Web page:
Equally fundamental is that domestic investment must increase: the experience of the newlyindustrialised countries in Asia suggests that growth precedes the FDI boom as foreign investors will only start venturing into “strange” countries once there is evidence that residents are putting their money there. This applies to private agents as well as to public authorities. To generate sustainable growth, economic reforms must succeed in transferring resources to dynamic sectors and uses and, to achieve this, policy-makers must creatively package basic economic principles into institutional designs that are sensitive to local opportunities and constraints. For this reason the debate on development strategies that is now resonating in South Africa and other large emerging economies such as Brazil and India is not a luxury, but rather a necessary component of a broader package that aims at improving their competitiveness.

Efficiency spill-overs from inward FDI depend on openness to imports and the technical capability of local firms. Market competition remains the most efficient tool to put pressures on producers of goods and providers of services in a non-distortionary way, as proven by the OECD work on regulatory reform. In the face of the severe budget constrain, the dearth of qualified labour calls for innovative forms of private-public partnership to improve SADC countries’ ability to attract high-quality FDI. Although host country policy can influence both, it is difficult to provide unequivocal policy advice, since some of the policies that maximize the potential spillovers from a given “pool” of appropriable technology (such as technology transfer requirements or active competition policies) may actually reduce the attractiveness of the host country to some foreign investors.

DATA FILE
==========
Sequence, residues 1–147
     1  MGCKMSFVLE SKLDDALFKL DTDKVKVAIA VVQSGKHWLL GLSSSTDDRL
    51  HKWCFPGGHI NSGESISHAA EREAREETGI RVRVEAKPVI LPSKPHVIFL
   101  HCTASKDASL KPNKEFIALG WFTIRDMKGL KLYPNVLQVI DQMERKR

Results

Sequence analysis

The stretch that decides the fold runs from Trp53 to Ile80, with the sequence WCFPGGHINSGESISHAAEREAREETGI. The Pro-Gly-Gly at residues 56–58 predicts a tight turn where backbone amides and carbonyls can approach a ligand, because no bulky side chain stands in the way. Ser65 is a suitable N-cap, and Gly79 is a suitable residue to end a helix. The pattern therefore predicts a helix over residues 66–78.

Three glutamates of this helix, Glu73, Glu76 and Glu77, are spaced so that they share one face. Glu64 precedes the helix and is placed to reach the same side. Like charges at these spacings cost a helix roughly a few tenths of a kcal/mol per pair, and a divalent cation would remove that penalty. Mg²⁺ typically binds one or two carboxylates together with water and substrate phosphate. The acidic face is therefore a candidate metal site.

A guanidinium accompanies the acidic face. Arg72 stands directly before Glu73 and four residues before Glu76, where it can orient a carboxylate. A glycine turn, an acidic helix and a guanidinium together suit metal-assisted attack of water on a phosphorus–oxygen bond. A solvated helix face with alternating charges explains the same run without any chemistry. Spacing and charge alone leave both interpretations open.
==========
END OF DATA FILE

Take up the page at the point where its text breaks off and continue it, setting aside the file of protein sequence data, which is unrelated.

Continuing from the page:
Finally, the political dimension of the increased role of foreign investors must be mentioned. A growing public concern about “financial colonisation”, especially by South African companies, has sparked political controversies in countries such as Tanzania and Zambia. Political opposition to FDI is not exclusive to Africa, and even less so to SADC. It often originates in the manipulation of public opinion by groups that were exploiting to their advantages the rents created by autarchic economic policies and are obviously threatened by the emerging competition from more efficient foreign producers. But it call for a wide range of measures, from better public education on the reality of globalisation to stronger actions to transfer its benefits to the public at large and introduce compensatory mechanisms to those that lose from it.